Engine Management System: Computer and electronics used to control smart engines.

Wide- Open throttle (WOT): Engine operated with throttle valve fully open when maximum power and/or speed is desired.

Ignition Delay (ID): Time interval between ignition initiation and the actual start of combustion.

Air Fuel Ratio: Ratio of mass air to mass of fuel input into engine.

Fuel-Air ratio: Ratio of mass of fuel to mass of air input into engine.

Brake Maximum torque: (BMT): Speed at which maximum torque occurs.

Overhead Valve (OHV): Valves mounted in engine head.

Overhead Cam (OHC): Camshaft mounted in engine head, giving more direct control of valves which are also mounted in engine head.

Fuel Injection (FI)


The following is the list of major components found in most reciprocating internal combustion engines.

Block: Body of engine containing the cylinders made of cast iron or aluminum. In many older engines the valves and the valve ports were contained in the block. The block of water cooled engines includes a water jacket cast around the cylinders. On air cooled engines the exterior surface of the block has cooling fins. Camshaft: Rotating shaft used to push open valves at the proper time in the engine cycle either directly or through mechanical or hydraulic linkage (push rods, rocker arms, and tappets). Most modern automobile engines have one or more camshafts mounted in the engine head (Overhead cam). Older engines had camshafts in the crank case.

Crankshafts are generally made of forget steel or cast iron and driven off the crankshaft by means of a belt or chain (Timing chain). To reduce weight, some cams are made from a hollow shaft with the cam lobes press-fit on. In four stroke cycle engines the camshaft rotates at half engine speed.

Carburetor: Venturi flow device that meters the proper amount of fuel into the air flow by means of pressure differential. For many decades it was the basic fuel metering system on all automobile (and other) engines. It is still used on low cost small engines like lawn mowers but is uncommon on new automobiles.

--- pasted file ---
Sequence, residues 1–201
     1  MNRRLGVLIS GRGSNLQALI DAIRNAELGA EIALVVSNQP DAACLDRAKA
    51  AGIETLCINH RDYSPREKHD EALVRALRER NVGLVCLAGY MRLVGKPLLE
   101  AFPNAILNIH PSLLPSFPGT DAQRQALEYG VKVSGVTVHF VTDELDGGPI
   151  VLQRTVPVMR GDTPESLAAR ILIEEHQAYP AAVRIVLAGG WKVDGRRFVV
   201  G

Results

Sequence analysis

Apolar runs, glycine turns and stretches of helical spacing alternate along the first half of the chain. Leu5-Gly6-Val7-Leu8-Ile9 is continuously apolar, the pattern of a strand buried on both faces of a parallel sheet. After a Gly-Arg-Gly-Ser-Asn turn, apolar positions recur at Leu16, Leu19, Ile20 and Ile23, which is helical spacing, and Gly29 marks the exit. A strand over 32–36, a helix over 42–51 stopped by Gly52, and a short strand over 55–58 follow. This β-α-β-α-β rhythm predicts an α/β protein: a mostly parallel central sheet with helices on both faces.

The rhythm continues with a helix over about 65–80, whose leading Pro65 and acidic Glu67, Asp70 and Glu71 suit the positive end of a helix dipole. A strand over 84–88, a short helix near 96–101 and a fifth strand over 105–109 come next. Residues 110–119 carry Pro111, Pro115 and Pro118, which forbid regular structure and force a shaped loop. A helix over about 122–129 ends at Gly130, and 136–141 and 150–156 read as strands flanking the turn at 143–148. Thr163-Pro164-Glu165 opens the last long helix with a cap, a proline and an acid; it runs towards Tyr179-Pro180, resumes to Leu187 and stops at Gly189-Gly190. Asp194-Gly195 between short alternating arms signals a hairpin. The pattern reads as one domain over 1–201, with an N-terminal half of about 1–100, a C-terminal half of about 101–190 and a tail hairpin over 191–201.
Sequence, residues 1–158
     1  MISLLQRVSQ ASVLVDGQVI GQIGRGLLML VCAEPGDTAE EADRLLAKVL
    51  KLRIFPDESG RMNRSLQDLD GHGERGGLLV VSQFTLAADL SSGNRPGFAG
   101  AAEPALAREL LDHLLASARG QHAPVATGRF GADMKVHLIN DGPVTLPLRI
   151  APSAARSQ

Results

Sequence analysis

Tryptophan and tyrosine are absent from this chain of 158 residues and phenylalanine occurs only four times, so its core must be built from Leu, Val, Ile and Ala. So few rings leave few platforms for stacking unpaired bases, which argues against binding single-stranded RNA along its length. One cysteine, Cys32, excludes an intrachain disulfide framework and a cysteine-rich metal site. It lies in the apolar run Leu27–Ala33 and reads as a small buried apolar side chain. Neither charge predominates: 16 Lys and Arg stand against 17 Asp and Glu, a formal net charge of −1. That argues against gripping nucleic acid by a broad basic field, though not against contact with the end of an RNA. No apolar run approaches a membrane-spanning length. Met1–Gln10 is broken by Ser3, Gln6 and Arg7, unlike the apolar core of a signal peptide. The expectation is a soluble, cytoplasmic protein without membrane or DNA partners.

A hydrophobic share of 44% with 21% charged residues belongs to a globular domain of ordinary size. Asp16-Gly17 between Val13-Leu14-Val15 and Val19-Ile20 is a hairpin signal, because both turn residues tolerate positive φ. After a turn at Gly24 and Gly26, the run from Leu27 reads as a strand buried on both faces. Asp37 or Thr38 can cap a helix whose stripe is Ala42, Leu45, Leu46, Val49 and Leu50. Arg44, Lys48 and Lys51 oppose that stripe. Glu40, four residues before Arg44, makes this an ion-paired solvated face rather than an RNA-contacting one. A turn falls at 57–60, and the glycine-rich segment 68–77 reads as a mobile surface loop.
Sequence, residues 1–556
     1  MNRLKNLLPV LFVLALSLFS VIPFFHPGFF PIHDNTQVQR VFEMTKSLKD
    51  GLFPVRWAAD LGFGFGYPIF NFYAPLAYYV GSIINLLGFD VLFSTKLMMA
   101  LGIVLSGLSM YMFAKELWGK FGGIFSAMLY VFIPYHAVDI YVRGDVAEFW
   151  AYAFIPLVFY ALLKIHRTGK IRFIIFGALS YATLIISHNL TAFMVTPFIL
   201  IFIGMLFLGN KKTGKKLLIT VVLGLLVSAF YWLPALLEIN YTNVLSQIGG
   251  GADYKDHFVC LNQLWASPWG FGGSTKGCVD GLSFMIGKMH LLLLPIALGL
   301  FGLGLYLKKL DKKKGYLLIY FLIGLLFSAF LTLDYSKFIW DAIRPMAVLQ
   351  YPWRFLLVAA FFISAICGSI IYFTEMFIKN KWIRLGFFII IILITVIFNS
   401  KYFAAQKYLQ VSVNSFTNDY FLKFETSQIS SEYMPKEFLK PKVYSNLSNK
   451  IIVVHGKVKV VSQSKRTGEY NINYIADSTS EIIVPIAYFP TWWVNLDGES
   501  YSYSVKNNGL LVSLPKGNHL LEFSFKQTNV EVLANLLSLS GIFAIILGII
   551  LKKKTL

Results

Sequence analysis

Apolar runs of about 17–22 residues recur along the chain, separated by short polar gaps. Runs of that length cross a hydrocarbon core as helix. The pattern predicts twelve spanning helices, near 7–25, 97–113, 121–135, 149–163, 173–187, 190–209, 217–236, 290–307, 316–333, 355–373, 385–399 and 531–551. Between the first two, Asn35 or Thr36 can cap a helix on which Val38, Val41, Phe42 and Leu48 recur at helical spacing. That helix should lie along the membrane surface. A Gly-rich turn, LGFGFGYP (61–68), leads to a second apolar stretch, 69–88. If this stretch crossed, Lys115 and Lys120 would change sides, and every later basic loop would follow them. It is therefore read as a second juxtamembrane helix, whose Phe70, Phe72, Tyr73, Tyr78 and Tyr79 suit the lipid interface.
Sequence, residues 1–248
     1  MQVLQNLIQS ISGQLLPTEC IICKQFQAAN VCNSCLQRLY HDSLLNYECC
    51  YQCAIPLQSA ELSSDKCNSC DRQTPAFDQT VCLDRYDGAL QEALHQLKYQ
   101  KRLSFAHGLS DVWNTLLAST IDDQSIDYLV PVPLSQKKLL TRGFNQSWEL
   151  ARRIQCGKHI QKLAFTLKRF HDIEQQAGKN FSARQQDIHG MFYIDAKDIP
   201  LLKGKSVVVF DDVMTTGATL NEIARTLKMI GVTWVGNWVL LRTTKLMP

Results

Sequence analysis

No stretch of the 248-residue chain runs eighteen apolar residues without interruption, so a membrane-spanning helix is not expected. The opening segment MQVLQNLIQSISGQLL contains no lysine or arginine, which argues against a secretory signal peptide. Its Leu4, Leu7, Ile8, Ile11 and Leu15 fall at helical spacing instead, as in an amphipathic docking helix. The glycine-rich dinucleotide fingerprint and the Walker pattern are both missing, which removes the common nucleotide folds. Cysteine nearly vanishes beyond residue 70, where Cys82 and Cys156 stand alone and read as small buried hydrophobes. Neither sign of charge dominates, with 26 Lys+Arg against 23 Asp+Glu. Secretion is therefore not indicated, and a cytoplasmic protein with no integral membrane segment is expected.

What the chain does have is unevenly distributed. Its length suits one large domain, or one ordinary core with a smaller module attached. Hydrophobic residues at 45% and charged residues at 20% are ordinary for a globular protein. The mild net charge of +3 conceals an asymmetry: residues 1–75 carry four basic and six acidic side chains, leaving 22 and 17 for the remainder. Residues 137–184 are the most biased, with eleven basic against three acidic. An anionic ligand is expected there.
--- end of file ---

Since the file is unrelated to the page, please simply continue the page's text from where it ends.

Catalytic converter: Chamber mounted in exhaust flow containing catalytical material that promotes reduction of emission by chemical reaction.

Choke: Butterfly valve at carburetor intake, used to create rich fuel-air mixture in intake system for cold weather starting.

Combustion chamber: The end of the cylinder between the head and the piston face where the combustion occurs. The size of the combustion chamber continuously changes from a minimum volume when the piston is at TDC to a maximum when the piston is at BDC. The term cylinder is sometimes synonymous with combustion chamber (e.g., the engine was firing on all cylinders). Some engines have open combustion chambers which consist of one chamber for each cylinder. Other engines have divided chambers which consist of dual chambers on each cylinder connected by an orifice passage.

Connecting rod: Linkage connecting piston with rotating crankshaft usually made of steel alloy forging or aluminum.

Connecting rod bearing: Bearing where connecting rod fastens to crankshaft.

Cooling fins: Metal fins on the outside surfaces of cylinders and head of an air cooled engine. These extended surfaces cool the cylinders by conduction and convection.

Crankcase: Part of the engine block surrounding the rotating crankshaft in many engines the oil pan makes up part of the crankcase housing. In some high performance engines the crankcase is designed with windows between the piston bays to allow free airflow between bays. This is to reduce air pressure build up on the backside of the pistons during power and intake strokes.